BRIAN SOZZI: Cathie, so let's stay in the auto sector. Of course, one of your top holdings in your funds is Tesla. It's been a long time holding for you. Given the chip shortage that we have seen, are you concerned about Tesla missing any delivery estimates this year?

CATHIE WOOD: Well, if we're right on what's going on with the gas-powered vehicle sales, I think that auto manufacturers are going to be cutting back. And that will free up some of the chip supply that might have gone to gas-powered vehicles for the electric vehicle manufacturers who are growing dramatically here. So I've been amazed at the way that Elon Musk and team have been able to work around the chip shortage because it's not just the most sophisticated chips. It's microcontrollers.

So their ingenuity has been at work in terms of substitution. We know it's a scramble. But if we're right on what's going on with the traditional auto sector, the gas-powered part of the market, some of that chip supply will free up for the electric vehicle manufacturers.

BRIAN SOZZI: Cathie, when you originally came out with your prediction on Tesla, I believe it was a $7,000 price target. Really, GM, Ford, Toyota, they weren't doing much in the electric vehicle space. But now that they are-- I mean, Ford's electric pickup looks pretty cool to me-- how did that impact the longer-term growth profile of a company like Tesla?

CATHIE WOOD: Well, I think it validates it. According to our estimates, based on rights law, which we can get into if you'd like-- it's a relative of Moore's law-- we believe that electric vehicle sales will shoot up from 2.2 million units last year-- it looks like will be 3.6 million or 3.8 million this year-- to 40 million in 2025 as electric vehicle prices drop below gas-powered car prices on a like-for-like basis. And our concern about that 40 million number was that other auto manufacturers were not responding rapidly enough.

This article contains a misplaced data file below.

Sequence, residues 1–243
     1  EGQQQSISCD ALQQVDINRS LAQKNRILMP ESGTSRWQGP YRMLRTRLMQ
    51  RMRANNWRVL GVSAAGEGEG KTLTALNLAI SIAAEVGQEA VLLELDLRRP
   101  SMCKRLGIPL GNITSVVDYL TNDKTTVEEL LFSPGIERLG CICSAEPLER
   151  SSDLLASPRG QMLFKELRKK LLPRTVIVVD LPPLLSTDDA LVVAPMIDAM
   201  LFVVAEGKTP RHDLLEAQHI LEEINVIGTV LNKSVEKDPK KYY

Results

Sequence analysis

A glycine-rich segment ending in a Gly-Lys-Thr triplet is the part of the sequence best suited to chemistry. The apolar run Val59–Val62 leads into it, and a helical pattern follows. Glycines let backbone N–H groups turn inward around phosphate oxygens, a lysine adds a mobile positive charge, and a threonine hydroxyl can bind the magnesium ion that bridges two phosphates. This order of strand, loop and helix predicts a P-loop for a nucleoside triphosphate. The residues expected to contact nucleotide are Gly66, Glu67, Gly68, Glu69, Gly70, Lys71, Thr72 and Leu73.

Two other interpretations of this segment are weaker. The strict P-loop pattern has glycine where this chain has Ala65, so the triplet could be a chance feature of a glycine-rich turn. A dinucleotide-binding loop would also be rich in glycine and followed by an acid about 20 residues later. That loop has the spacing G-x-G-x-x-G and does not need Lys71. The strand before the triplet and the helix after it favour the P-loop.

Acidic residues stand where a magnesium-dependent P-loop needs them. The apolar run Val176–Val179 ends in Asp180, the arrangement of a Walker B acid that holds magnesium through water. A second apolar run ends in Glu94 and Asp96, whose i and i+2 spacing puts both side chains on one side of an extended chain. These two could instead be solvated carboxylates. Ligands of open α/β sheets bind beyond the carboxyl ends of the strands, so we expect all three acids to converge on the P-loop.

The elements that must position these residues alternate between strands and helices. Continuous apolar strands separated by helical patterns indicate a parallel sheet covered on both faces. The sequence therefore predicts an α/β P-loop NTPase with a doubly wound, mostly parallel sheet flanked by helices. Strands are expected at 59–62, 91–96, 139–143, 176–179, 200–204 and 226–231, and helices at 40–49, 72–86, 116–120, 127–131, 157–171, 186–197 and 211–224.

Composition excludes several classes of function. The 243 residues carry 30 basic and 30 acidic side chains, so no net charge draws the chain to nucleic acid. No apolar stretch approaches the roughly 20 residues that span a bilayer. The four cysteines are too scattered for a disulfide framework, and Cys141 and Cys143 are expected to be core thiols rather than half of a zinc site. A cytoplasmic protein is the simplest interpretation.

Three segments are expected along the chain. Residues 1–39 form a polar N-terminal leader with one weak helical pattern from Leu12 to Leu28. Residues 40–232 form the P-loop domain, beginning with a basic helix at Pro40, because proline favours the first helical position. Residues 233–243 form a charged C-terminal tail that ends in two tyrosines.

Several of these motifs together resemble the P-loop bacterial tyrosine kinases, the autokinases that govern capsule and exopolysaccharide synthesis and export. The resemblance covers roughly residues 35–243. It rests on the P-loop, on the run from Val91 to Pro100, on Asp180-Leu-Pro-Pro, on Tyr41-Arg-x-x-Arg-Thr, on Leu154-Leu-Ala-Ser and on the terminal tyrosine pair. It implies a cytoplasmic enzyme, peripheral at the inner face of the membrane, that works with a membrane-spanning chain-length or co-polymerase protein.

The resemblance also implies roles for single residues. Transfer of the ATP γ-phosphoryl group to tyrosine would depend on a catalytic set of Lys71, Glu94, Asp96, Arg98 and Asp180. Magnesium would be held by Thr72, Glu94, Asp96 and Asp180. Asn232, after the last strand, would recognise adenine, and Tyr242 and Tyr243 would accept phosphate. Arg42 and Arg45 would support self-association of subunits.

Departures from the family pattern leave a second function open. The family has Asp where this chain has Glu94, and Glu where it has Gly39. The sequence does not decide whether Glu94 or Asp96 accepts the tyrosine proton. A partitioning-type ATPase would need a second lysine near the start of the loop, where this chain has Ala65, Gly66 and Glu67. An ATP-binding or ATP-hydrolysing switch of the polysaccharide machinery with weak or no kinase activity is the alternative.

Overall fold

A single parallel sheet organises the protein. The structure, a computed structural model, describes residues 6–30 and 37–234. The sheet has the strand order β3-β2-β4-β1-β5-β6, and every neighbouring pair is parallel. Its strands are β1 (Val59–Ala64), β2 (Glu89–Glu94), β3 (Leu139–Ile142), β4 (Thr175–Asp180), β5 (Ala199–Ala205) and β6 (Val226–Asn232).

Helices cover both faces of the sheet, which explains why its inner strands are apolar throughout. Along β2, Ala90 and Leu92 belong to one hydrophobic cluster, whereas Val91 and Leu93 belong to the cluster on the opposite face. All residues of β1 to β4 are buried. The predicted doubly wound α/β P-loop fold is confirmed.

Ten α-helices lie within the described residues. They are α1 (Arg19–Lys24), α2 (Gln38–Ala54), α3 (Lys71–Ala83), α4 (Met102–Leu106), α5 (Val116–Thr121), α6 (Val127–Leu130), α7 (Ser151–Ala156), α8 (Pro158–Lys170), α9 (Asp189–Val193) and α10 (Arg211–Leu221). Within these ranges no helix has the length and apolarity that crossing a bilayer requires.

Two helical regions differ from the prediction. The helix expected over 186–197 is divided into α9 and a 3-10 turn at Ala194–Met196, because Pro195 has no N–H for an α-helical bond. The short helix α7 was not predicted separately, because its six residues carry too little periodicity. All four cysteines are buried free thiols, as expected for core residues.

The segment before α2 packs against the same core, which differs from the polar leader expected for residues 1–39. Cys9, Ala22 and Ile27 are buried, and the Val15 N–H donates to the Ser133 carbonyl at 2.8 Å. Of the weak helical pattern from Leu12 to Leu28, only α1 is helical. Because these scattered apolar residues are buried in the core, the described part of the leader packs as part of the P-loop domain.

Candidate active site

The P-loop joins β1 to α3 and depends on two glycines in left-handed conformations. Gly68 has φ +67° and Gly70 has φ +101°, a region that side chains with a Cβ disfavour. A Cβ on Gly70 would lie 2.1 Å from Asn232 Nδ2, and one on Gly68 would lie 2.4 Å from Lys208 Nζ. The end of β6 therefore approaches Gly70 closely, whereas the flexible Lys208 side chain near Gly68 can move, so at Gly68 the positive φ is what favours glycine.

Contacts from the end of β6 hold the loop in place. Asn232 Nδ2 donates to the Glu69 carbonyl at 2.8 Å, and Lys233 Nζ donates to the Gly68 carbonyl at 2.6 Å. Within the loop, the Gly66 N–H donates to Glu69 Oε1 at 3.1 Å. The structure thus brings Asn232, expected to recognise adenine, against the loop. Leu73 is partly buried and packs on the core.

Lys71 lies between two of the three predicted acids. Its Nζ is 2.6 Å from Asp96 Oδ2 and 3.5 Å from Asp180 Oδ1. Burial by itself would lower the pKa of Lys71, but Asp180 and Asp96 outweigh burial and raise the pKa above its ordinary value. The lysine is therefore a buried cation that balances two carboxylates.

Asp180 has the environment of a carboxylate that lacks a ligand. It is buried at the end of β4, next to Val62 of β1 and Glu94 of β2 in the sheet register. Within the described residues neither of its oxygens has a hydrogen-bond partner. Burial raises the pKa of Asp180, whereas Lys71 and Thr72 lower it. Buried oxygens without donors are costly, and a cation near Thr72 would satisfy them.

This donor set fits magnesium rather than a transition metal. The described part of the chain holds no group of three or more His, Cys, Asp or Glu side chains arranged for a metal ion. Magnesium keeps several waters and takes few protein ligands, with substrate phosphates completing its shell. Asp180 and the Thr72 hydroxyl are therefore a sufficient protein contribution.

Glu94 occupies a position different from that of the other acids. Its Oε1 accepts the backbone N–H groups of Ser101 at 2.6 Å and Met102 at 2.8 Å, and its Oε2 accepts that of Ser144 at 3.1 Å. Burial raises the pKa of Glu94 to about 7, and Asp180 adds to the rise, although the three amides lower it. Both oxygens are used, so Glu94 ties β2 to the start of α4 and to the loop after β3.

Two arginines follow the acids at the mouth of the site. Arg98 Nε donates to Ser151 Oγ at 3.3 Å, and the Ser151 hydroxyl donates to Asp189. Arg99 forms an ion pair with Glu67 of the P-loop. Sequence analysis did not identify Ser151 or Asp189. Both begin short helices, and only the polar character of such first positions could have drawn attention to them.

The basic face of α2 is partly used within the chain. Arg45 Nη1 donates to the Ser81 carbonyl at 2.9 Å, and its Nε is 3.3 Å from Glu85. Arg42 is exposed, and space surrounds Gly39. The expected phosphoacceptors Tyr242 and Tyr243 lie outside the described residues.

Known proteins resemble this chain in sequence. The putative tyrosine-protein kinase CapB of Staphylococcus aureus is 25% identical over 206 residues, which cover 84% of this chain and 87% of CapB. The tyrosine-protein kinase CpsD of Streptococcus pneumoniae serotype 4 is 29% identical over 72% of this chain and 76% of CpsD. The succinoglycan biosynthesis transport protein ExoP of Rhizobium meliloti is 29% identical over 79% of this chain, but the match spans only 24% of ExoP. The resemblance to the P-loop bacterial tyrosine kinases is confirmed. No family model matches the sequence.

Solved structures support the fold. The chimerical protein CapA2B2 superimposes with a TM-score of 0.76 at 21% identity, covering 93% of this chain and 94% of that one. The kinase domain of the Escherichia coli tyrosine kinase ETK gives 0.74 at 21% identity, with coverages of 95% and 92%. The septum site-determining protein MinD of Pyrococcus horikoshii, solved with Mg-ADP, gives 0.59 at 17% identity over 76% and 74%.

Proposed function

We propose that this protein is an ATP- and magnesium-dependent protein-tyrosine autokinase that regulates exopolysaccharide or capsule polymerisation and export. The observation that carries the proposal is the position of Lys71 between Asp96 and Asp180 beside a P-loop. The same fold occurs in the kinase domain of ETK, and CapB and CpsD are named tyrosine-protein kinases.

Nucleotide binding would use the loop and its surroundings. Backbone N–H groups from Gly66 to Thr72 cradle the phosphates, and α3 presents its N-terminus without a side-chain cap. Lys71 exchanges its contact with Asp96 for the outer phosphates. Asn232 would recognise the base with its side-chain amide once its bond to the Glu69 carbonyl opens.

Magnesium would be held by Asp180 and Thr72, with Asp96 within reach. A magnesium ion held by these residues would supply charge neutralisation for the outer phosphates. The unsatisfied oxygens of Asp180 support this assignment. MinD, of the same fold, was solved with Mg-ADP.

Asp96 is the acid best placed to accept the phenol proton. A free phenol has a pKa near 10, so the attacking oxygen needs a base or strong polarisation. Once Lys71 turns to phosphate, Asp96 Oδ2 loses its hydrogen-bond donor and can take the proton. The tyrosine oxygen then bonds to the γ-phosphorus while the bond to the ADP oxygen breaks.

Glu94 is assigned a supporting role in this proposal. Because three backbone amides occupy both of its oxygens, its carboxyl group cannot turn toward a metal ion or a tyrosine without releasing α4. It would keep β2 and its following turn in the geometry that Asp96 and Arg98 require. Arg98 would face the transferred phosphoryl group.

Now what has happened is China, with a big focus on the environment, is subsidizing electric vehicles aggressively. And the supply, therefore, is starting to shift up. So no, we think this is good news. It's validating this massive move from the internal combustion engine and gas-powered cars-- we sold 80 to 90 million of them in the last few years per year-- to electric, which, as I said, is at such a low base right now-- 2.2 last year, maybe 3.6 million or 3.8 million this year-- all the way to 40 million. I think it just tells us that the exponential growth trajectory is in place. And given the way China is subsidizing, we could be conservative.

BRIAN SOZZI: Wow. Interesting there. And just staying on that, Cathie, it's been an impressive year for Tesla-- several quarters of profits, US business humming along, doing good business in China. To your point, do you see Tesla's fair value above $7,000 just given the year that they have had?